What is surprising to me is that the technology used today in the ATC system is equivalent to DOS 1.0 and it works, and in some ways, the way I see it, why break something that works?

This is not to say there is not room for improvement, but seriously, it’s amazing what is out there is handling today’s traffic volume for which I am sure was not foreseen back in the 50’s and 60’s.


#9

How much does that SVS system cost?

That is way cool. I would imagine that would make landing in bad weather way less stressful, in my very uninformed opinion :laughing:


#10

Cirrus is now using that system


#11

I’m not sure if they have a retrofit for older models, but its now standard on all new aircraft with factory G1000’s.


#12

www.cirrusdesign.com


#13

While I think better avionics make landing in bad weather easier, the avionics don’t make it less stressful to me. You are still near the ground moving fast with zero visibility until you break out. Now a good co-pilot - that makes weather flying less stressful!


#14

Hear, hear! http://img84.echo.cx/img84/4866/agreed8mv.gif


#15

Especially one easy on the eyes that radiates sunshine all throughout the cabin no matter how crummy the looks outside the windscreen may be. :wink:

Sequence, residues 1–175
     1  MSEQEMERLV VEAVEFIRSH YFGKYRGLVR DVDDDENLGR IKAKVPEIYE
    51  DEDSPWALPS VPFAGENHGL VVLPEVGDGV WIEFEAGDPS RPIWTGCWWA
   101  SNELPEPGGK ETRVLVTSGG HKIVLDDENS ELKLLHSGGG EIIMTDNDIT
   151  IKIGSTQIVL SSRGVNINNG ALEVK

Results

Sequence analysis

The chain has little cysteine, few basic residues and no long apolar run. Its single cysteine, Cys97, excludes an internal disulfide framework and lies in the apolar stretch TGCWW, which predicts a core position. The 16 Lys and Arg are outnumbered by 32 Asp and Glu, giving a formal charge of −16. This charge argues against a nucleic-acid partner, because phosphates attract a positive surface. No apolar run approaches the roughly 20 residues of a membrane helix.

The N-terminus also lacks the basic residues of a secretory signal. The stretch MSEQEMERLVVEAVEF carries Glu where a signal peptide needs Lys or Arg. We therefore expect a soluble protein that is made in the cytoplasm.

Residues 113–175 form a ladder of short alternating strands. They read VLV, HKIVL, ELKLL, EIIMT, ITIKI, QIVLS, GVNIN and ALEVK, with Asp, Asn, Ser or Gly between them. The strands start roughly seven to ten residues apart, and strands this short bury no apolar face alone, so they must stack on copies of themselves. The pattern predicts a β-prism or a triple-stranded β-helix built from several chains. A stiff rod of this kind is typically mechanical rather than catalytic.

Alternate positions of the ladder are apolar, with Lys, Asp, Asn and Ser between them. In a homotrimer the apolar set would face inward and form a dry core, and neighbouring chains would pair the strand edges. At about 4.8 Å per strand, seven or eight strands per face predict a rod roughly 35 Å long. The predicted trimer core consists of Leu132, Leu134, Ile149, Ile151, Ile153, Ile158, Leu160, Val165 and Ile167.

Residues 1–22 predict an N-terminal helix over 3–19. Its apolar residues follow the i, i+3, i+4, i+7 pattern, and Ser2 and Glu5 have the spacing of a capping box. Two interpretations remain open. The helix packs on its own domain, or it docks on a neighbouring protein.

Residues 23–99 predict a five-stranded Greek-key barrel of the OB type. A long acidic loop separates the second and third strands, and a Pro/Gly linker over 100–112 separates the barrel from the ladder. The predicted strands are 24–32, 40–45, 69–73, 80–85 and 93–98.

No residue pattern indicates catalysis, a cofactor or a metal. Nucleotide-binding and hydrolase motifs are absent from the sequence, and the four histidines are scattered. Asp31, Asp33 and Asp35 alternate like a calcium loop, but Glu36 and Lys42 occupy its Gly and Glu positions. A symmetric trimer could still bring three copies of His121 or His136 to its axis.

#16

Real pilots can fly the steam guages and complete a full instrument approach with time turns and compass turns in the event of a vacuum failure. Yes, the glass definately makes approaches easy, but it’s too tempting to let the “computer do the thinking” and just sit back and fly the magenta line (or fly through the boxes) in this new SVS system.

I got the instrument ticket on steam guages in Warriors and 172s, and only recently transitioned to glass. There is no doubt the glass can make for a safer flight considering the terrain alerts, TIS (traffic information), and gps DME measured procedure turns (versus timing), but my fear is students become too reliant on the glass instead of thinking for themselves. In shooting insturment approaches in the glass I began to become lax visualizing for myself where I was on the approaches. I was even scolded by my instructor afew times; once for not responding more quickly when the autopilot was bumped off during an approach due to a bad input.